Contact

Matthias Beyer
Experimental Thermal Fluid Dynamics
m.beyerAthzdr.de
Phone: +49 351 260 - 3465, 2865
Fax: 13465, 2818

Dr. Dirk Lucas
Head Computational Fluid Dynamics
d.lucasAthzdr.de
Phone: +49 351 260 - 2047
Fax: +49 351 260 - 12047

Dr. Thomas Höhne
Computational Fluid Dynamics
t.hoehneAthzdr.de
Phone: +49 351 260 - 2425
Fax: +49 351 260 - 12425

Stratified flows

Scientific background

Stratified flows occur if at least two fluids with different densities move together in horizontal or slightly inclined channels. In this case both fluids may separate due to the gravity and interfacial areas appear. Depends on the flow velocities and also further parameters like surface tension and viscosity, these areas are more or less stable. In this way various flow regimes develop like e.g. wavy or slug flow.

Slug flow in the HAWAC channel

Slug flow in the HZDR test channel HAWAC

The investigation of such flows is very important for the evaluation of the mass- and energy transfer in technical devices and units. For instance the size of the interfacial area influences the reaction rate in chemical reactors considerably. A further example is the safety-related design or assessment of piping systems in the power plant technology or oil industry. Here it is essential to avoid critical phenomena like water hammer loads, to protect the piping systems. These phenomena may occur, if slug flows interact with pipe walls.

In consideration of the state-of-the-art of science and technology it is aimed to simulate flow phenomena in complex geometries in a realistic way by powerful computers. Especially in the field of two-phase flows the computer codes need additional improvement. For the optimization of the thermal-hydraulic algorithms and models applied in these codes top-quality measurement data with high spatial and temporal resolution are necessary.


Experimental activities and results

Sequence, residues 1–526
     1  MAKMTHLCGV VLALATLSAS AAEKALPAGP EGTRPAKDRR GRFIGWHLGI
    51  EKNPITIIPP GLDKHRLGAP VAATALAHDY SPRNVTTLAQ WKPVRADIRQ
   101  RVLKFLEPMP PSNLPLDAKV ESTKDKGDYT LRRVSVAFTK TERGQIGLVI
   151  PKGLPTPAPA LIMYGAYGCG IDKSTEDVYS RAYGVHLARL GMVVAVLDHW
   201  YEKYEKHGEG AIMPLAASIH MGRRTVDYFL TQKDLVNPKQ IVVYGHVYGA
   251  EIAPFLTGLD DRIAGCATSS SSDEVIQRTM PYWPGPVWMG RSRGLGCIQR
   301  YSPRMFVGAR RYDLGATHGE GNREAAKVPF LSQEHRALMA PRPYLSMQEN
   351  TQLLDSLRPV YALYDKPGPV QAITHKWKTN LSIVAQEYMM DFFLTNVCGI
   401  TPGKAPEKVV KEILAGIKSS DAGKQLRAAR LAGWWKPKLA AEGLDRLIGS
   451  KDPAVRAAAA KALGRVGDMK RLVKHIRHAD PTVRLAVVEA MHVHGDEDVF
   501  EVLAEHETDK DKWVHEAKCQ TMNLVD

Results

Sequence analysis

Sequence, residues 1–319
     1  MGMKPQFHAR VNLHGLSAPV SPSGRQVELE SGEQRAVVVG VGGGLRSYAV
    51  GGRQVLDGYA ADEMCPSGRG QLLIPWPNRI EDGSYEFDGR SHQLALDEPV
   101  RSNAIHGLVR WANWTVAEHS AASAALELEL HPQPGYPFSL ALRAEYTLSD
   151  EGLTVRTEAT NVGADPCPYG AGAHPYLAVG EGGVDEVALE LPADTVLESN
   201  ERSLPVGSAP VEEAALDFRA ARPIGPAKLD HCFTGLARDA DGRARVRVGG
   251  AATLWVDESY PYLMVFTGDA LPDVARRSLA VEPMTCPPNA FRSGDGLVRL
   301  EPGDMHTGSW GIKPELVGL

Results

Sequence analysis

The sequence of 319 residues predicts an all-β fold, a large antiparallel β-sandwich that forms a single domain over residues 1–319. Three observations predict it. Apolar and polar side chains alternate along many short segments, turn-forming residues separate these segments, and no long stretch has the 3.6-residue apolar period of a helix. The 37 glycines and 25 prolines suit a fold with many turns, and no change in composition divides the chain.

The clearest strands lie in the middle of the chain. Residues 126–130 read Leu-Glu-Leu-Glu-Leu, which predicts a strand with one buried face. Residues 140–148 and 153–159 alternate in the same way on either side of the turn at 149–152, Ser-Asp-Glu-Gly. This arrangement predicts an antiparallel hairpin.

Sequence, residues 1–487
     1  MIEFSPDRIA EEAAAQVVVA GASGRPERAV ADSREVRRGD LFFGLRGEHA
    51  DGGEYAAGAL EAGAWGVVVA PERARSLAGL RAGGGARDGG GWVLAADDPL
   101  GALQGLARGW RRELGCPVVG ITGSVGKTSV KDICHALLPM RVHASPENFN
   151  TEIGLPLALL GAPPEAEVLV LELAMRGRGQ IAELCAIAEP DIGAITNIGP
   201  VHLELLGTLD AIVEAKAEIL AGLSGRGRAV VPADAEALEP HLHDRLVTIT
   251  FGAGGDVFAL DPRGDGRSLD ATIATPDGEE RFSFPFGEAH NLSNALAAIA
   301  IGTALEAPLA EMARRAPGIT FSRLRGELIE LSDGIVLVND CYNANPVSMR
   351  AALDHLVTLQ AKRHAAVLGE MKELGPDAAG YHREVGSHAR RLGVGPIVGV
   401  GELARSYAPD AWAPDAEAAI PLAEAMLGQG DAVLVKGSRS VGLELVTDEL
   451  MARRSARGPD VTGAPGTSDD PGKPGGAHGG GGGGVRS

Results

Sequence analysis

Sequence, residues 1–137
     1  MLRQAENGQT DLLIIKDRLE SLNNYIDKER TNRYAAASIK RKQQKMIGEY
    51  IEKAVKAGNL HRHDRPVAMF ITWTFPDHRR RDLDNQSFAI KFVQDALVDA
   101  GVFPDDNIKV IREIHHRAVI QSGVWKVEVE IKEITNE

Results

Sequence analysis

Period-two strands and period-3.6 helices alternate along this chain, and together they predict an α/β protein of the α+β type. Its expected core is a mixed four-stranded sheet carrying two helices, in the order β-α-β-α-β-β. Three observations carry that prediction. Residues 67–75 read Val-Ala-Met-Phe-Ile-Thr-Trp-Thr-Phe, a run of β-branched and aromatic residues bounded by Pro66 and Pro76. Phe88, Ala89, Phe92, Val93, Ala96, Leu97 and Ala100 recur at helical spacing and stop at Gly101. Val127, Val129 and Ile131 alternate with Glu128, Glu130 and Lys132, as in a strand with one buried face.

The department of Experimental Thermal Fluid Dynamics at the Helmholtz-Zentrum Dresden-Rossendorf is investigated stratified flows by experimental and theoretical works already for many years. Thereby the first step was the design and operation of a transparent horizontal channel with rectangular cross section (HAWAC) that was applied first of all for the analysis of flow regimes in a wide range of gas and water superficial velocities. These works resulted in a flow map for rectangular channels. Furthermore phenomena like hydraulic jump were investigated in detail and local water velocity distributions in slugs were measured by PIV (particle image velocimetry). The HAWAC channel was operated with air water co-current flows at ambient pressure.

The continuation of these activities took place in a multi-functional test basin (DENISE) that also was used for co-current stratified flow investigation but with a steam water mixture. Beside the variation of phase velocities also the pressure was changed up to 5 MPa and the water was sub-cooled in a range between 0 and 150 K. In opposite to the HAWAC experiments energy transfer between the phases occurred during the steam water tests, so that condensation effects were observed. After data evaluation information about flow regimes and condensation rates are available in a wide parameter range.